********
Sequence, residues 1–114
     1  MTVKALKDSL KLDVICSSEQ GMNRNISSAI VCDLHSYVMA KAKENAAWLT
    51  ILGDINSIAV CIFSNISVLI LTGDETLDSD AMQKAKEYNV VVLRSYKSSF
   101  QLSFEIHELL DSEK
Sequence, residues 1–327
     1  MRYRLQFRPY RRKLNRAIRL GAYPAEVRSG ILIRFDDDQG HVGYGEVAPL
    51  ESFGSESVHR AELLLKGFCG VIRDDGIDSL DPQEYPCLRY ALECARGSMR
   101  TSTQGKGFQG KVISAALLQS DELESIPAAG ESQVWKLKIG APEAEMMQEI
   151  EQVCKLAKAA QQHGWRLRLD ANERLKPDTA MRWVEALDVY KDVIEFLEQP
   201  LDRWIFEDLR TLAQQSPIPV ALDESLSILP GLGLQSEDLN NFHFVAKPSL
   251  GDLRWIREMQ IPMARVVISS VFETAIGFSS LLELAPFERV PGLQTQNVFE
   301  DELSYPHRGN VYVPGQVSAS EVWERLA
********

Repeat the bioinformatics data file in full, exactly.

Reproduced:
Sequence, residues 1–114
     1  MTVKALKDSL KLDVICSSEQ GMNRNISSAI VCDLHSYVMA KAKENAAWLT
    51  ILGDINSIAV CIFSNISVLI LTGDETLDSD AMQKAKEYNV VVLRSYKSSF
   101  QLSFEIHELL DSEK
Sequence, residues 1–327
     1  MRYRLQFRPY RRKLNRAIRL GAYPAEVRSG ILIRFDDDQG HVGYGEVAPL
    51  ESFGSESVHR AELLLKGFCG VIRDDGIDSL DPQEYPCLRY ALECARGSMR
   101  TSTQGKGFQG KVISAALLQS DELESIPAAG ESQVWKLKIG APEAEMMQEI
   151  EQVCKLAKAA QQHGWRLRLD ANERLKPDTA MRWVEALDVY KDVIEFLEQP
   201  LDRWIFEDLR TLAQQSPIPV ALDESLSILP GLGLQSEDLN NFHFVAKPSL
   251  GDLRWIREMQ IPMARVVISS VFETAIGFSS LLELAPFERV PGLQTQNVFE
   301  DELSYPHRGN VYVPGQVSAS EVWERLA